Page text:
Biblical reasons to affirm the creation days were 24 hour periods
A response to Justin Taylor of The Gospel Coalition
Published: 3 February 2015 (GMT+10)
Justin Taylor, a blogger at The Gospel Coalition, published a blog titled “Biblical reasons to doubt the creation days were 24-hour periods”.1 Now, The Gospel Coalition has done a lot of great work, but when they publish a piece that casts such doubt on a foundational text of Scripture, we have to respond in Christian love, because we have seen over and over how harmful such doubts are when it comes to the Gospel and sharing one’s faith. We would actually encourage our readers to read the Gospel Coalition article first, and ask yourself “How many of these claims could I answer?”, then come back and read this rebuttal!
Taylor claims “Contrary to what is often implied or claimed by young-earth creationists, the Bible nowhere directly teaches the age of the earth.” We don’t claim that it is directly taught, but neither is the Trinity, as such—a doctrine both CMI and Taylor would agree on. Rather, the Bible actually does have multiple texts that lead us to see that creation occurred around 6,000 years ago—see How does the Bible teach 6,000 years?
Taylor argues that people who view the days as long periods of time are not influenced by Darwin, because there were people who took a non-literal view of the days of creation long before Darwin. But Darwin was not the first person to suggest a radically larger timescale than the Bible would allow; there were ancient long-age philosophies. The fact remains that the Bible itself gives no reason to interpret the days as anything other than days. So whether it’s ancient philosophy, inflated Egyptian chronologies, Lyell’s uniformitarian geology, or Darwin’s theory of evolution, some outside influence is required to introduce the idea of vast ages of time.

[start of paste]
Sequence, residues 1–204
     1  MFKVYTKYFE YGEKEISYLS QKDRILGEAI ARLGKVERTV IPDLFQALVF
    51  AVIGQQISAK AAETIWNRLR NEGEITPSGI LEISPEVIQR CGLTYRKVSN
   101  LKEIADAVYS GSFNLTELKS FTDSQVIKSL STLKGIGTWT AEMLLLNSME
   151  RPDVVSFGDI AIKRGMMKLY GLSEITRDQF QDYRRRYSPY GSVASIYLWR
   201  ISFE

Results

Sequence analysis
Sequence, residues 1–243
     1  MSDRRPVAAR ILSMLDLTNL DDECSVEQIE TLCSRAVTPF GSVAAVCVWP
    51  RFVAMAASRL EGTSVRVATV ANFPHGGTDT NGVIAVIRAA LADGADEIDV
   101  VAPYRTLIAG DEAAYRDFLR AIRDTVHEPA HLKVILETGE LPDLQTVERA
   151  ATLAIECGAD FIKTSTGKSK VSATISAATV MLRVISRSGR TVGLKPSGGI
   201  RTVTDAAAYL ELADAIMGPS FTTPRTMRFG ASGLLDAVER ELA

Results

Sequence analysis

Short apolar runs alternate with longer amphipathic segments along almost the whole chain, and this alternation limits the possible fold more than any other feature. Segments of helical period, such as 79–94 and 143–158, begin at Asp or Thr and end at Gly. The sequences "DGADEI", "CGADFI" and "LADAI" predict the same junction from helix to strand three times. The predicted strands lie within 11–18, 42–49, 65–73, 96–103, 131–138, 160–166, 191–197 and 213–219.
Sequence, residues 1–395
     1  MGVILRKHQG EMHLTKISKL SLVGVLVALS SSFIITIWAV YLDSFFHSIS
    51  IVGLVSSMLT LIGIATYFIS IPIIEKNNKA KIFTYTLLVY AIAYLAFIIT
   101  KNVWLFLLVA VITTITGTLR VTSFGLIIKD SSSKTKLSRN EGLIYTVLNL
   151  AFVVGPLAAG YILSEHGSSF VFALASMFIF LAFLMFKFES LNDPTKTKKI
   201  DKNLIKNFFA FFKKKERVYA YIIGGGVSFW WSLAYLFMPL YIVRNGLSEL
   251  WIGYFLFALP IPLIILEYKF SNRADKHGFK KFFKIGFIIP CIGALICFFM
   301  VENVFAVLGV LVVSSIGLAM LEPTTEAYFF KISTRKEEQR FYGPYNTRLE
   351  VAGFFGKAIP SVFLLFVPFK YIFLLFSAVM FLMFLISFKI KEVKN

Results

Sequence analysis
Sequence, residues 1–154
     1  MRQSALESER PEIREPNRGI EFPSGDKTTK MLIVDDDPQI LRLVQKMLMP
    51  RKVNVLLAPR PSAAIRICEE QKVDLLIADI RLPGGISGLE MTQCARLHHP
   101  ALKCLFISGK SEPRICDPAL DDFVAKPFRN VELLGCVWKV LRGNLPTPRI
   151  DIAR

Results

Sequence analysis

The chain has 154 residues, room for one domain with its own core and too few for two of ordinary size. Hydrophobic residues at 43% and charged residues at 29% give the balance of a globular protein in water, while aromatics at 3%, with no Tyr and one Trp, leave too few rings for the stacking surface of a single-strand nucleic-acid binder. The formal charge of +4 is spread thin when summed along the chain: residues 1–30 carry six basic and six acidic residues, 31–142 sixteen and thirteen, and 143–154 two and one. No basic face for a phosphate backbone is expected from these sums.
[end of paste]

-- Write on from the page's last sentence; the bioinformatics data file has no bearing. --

Taylor quotes Augustine: “What kind of days these were it is extremely difficult, or perhaps impossible, to determine” in City of God11.7, yet he fails to report that soon after, Augustine states, “They are deceived, too, by those highly mendacious documents which profess to give the history of many thousand years, though, reckoning by the sacred writings, we find that not 6,000 years have yet passed.” (12.10). Taylor also quotes several inerrantist scholars from the 20th century who allowed that the creation days might be long periods of time. Indeed, it is a sad phenomenon that some otherwise sound evangelical scholars falter at this point. But Taylor misstates the situation. Looking at church history, the 24-hour day view was clearly the predominant view up until the time of Lyell and Darwin (Refuting Compromise chapter 3 demonstrates this amply).
Genesis 1:1: A title or an act?
Justin’s first argument is that Genesis 1:1 “is not a title or summary of the narrative that follows. Rather, it is a background statement that describes how the universe came to be. In Genesis 1:1, ‘created’ is in the perfect tense, and when a perfect verb is used at the beginning of a unit in Hebrew narrative, it usually functions to describe an event that precedes the main storyline (see Gen. 16:1, 22:1, 24:1 for comparison).”
But many creationists would largely agree with this interpretation. However, they would put the events described at the very beginning of Day 1 of creation week, so this argument in no way allows millions of years. There is nothing in the text that suggests that Genesis 1:1 was separated in time from the creation week, quite the contrary (and Exodus 31:17 says, “for in six days the Lord made the heavens and the earth …”, ruling out any extended timeframe).
Note also the tacit admission that Genesis 1 is historical narrative (“Hebrew narrative”). One of the marks of this is that the first verb in a sequence of events is perfect (“created” in Genesis 1:1) and subsequent verbs are imperfect. The series of events are also connected thus: ‘and … and … and … etc.’, and there is much else. Genesis was written as history (recording real events in time).